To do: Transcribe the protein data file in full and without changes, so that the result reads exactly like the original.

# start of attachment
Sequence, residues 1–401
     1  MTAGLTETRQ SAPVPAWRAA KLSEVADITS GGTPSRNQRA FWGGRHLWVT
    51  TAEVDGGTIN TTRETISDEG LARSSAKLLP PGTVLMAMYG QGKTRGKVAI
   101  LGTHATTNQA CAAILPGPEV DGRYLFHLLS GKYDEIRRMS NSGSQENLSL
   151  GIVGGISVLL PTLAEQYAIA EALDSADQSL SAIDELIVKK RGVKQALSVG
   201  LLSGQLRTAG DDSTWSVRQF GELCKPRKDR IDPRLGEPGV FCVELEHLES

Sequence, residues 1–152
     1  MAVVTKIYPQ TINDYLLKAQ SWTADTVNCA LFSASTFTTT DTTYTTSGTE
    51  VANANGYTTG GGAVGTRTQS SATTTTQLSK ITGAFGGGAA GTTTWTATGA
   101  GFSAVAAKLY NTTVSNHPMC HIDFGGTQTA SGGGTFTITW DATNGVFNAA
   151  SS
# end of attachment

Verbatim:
Sequence, residues 1–401
     1  MTAGLTETRQ SAPVPAWRAA KLSEVADITS GGTPSRNQRA FWGGRHLWVT
    51  TAEVDGGTIN TTRETISDEG LARSSAKLLP PGTVLMAMYG QGKTRGKVAI
   101  LGTHATTNQA CAAILPGPEV DGRYLFHLLS GKYDEIRRMS NSGSQENLSL
   151  GIVGGISVLL PTLAEQYAIA EALDSADQSL SAIDELIVKK RGVKQALSVG
   201  LLSGQLRTAG DDSTWSVRQF GELCKPRKDR IDPRLGEPGV FCVELEHLES

Sequence, residues 1–152
     1  MAVVTKIYPQ TINDYLLKAQ SWTADTVNCA LFSASTFTTT DTTYTTSGTE
    51  VANANGYTTG GGAVGTRTQS SATTTTQLSK ITGAFGGGAA GTTTWTATGA
   101  GFSAVAAKLY NTTVSNHPMC HIDFGGTQTA SGGGTFTITW DATNGVFNAA
   151  SS